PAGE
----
Microsoft Corp. said hackers, linked by U.S. authorities to Russia’s Foreign Intelligence Service, installed malicious information-stealing software on one of its systems and used information gleaned there to attack its customers.
The hackers compromised a computer used by a Microsoft customer support employee that could have provided access to different types of information, including ”metadata” of accounts and billing contact information for the organization, a Microsoft spokesman said.
Microsoft is aware of three customers that were affected by the recent activity, the company said in a blog post.
“The actor used this information in some cases to launch highly-targeted attacks as part of their broader campaign,” Microsoft said. “We responded quickly, removed the access and secured the device.”
The incident was part of a broader campaign—which involved other hacking techniques beyond leveraging the information taken from its support system—that primarily targeted technology companies and government agencies in 36 countries.
Most of the attacks were unsuccessful, but three of Microsoft’s customers were compromised during the campaign, the company said. “We have confirmed that two of the compromises were unrelated to the support agent issue, and are continuing to investigate the third instance,” a Microsoft spokesman said.
Microsoft identified the hackers behind the break-in as Nobelium, the same group associated with the sophisticated hack at Austin, Texas-based software maker
U.S. authorities have said this group is part of Russia’s Foreign Intelligence Service, known as the SVR. Russia has denied involvement in the SolarWinds hack. A Russian embassy representative didn’t immediately return a message seeking comment on Microsoft’s blog post.
“This should concern all of us,” said Sherri Davidoff, chief executive of the security consulting firm LMG Security LLC. “Hackers made it past the defenses of one of the world’s most sophisticated technology suppliers, whose software underlies our entire economy.”
The incident marks the second time in recent months that Russia-linked hackers have breached Microsoft’s networks. In December, Microsoft said Nobelium hackers had broken into the company’s networks to view internal source code, used to build software products.
The U.S. Cybersecurity and Infrastructure Security Agency is “aware of this activity and is working with Microsoft and our interagency partners to evaluate the impact,” said a spokesman for the Department of Homeland Security, which oversees the agency. “We stand ready to assist any affected entities.” He declined to say whether any government agencies had been hit by the hack.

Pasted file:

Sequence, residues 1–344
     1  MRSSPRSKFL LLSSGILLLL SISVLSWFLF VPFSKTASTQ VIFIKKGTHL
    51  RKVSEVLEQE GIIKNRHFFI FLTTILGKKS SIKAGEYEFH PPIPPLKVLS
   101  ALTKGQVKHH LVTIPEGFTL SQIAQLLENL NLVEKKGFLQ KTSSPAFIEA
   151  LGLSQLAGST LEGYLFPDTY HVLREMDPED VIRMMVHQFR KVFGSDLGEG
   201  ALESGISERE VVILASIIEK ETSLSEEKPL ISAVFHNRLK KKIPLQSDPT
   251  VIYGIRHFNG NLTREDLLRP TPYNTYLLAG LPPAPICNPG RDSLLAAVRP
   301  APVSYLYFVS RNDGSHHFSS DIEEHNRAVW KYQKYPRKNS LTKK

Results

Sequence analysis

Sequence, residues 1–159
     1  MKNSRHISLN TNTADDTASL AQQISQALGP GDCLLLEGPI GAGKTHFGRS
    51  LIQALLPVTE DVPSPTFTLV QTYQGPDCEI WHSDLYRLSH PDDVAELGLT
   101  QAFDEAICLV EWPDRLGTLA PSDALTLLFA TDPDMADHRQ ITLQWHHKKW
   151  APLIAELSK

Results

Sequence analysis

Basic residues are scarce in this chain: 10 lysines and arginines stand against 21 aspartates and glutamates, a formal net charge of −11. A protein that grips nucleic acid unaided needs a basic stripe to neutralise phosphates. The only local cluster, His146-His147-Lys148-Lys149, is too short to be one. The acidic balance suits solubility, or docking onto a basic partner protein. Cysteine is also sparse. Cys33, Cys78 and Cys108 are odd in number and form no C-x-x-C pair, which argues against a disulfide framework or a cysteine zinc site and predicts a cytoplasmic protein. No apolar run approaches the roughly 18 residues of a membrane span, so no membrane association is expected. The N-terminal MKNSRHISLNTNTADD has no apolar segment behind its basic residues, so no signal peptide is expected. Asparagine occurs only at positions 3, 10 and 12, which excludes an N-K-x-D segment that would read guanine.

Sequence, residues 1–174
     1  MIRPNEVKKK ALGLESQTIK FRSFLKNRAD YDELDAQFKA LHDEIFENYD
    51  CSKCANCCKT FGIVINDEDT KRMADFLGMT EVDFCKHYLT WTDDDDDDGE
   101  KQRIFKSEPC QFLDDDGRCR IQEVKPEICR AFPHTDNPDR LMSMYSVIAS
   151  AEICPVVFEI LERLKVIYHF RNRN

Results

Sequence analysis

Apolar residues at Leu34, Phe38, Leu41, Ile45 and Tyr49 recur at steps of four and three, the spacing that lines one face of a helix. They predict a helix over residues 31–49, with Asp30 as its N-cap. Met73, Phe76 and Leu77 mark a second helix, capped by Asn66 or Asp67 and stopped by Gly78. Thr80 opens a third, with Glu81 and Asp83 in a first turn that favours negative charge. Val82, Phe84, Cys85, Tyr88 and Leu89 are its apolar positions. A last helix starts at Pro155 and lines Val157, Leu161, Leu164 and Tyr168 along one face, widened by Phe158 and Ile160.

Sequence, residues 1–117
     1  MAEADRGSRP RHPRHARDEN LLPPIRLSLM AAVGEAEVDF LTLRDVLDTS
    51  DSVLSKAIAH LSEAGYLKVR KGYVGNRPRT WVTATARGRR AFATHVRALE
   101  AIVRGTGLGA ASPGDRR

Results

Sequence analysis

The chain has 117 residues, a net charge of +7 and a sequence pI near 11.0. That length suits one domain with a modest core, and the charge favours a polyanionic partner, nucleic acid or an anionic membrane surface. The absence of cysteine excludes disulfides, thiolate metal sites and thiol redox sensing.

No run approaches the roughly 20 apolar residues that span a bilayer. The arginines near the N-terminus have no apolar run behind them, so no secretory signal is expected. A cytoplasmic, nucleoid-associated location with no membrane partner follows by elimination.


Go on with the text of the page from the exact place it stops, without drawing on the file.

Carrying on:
The breaches at Microsoft and SolarWinds have raised concerns among government and industry security professionals that Russian hackers are engaged in a longstanding and concerted effort to break into U.S. technology companies and use them as a back door into government and commercial targets, a tactic known as a “supply-chain attack.”
“This shows that the SVR continues to execute supply chain attacks. In this particular case, going after a support person at Microsoft who clearly has information and connections to Microsoft customers.” said
a former cybersecurity investigator who is executive chairman at the Silverado Policy Accelerator think tank.
About 100 companies and at least nine government agencies are known to have been compromised during the SolarWinds attack, which went undetected for months before it was discovered this past fall.
In April, the Biden administration unveiled a series of sanctions against Russia citing, among other things, the SolarWinds cyberattack. Russia has denounced the sanctions.
Since then, the Russian-linked hackers have made it clear that they intend to continue their activity. In May, Microsoft said it discovered that the hackers were involved in a phishing campaign that targeted 3,000 email accounts belonging to workers at more than 150 organizations.
Earlier this month, President Biden said he warned his Russian counterpart,
that there would be consequences for cyberattacks on the U.S. at the two leaders’ first in-person meeting in Switzerland.
“The supply-chain attacks are here to stay with us,” Mr. Alperovitch said “It didn’t end with SolarWinds.”
Write to Robert McMillan at Robert.Mcmillan@wsj.com
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